Land v. t. [imp. & p. p. Landed; p. pr. & vb. n. Landing.]
1. To set or put on shore from a ship or other water craft; to disembark; to debark.
I 'll undertake to land them on our coast. --Shak.
2. To catch and bring to shore; to capture; as, to land a fish.
3. To set down after conveying; to cause to fall, alight, or reach; to bring to the end of a course; as, he landed the quoit near the stake; to be thrown from a horse and landed in the mud; to land one in difficulties or mistakes.
Land·ing, a. Of, pertaining to, or used for, setting, bringing, or going, on shore.
Landing charges, charges or fees paid on goods unloaded from a vessel.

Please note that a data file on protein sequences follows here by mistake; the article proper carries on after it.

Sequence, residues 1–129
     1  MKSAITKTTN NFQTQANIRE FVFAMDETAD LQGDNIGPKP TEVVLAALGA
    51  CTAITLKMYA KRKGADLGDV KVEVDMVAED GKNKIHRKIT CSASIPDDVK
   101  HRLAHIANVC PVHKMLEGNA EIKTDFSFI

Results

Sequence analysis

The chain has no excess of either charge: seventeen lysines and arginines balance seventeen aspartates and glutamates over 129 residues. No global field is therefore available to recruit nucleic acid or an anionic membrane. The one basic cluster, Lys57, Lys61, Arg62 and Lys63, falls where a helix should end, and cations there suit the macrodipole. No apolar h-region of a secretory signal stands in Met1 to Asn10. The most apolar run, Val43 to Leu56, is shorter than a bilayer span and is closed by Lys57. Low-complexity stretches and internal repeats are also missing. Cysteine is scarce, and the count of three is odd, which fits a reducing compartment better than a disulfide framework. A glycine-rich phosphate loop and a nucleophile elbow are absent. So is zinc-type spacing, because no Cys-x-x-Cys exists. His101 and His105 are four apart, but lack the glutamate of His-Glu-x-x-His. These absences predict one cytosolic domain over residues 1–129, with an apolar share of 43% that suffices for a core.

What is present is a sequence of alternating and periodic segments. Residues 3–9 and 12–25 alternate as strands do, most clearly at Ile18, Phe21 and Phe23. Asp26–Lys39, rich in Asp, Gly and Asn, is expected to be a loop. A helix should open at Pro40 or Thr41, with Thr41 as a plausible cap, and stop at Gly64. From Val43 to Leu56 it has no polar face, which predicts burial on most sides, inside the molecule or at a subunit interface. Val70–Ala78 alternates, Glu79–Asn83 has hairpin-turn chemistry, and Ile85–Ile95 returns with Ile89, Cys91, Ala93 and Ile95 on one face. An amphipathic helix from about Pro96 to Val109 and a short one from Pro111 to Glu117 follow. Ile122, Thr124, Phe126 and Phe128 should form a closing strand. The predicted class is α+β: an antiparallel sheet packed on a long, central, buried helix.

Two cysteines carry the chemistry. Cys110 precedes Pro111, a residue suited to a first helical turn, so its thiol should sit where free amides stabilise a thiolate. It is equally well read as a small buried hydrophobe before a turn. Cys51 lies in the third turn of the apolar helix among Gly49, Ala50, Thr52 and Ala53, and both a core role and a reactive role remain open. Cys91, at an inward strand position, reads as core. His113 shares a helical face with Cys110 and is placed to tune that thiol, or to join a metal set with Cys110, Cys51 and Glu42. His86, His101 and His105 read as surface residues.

Landing net, a small, bag-shaped net, used in fishing to take the fish from the water after being hooked.
Landing stage, a floating platform attached at one end to a wharf in such a manner as to rise and fall with the tide, and thus facilitate passage between the wharf and a vessel lying beside the stage.
Landing waiter, a customhouse officer who oversees the landing of goods, etc., from vessels; a landwaiter.
1. A going or bringing on shore.
2. A place for landing, as from a ship, a carriage. etc.
3. Arch. The level part of a staircase, at the top of a flight of stairs, or connecting one flight with another.
Landing place. me as Landing, n., 2 and 3.
n 1: an intermediate platform in a staircase
2: structure providing a place where boats can land people or
goods [syn: landing place]
3: the act of coming down to the earth (or other surface); "the
plane made a smooth landing"; "his landing on his feet was
4: the act of coming to land after a voyage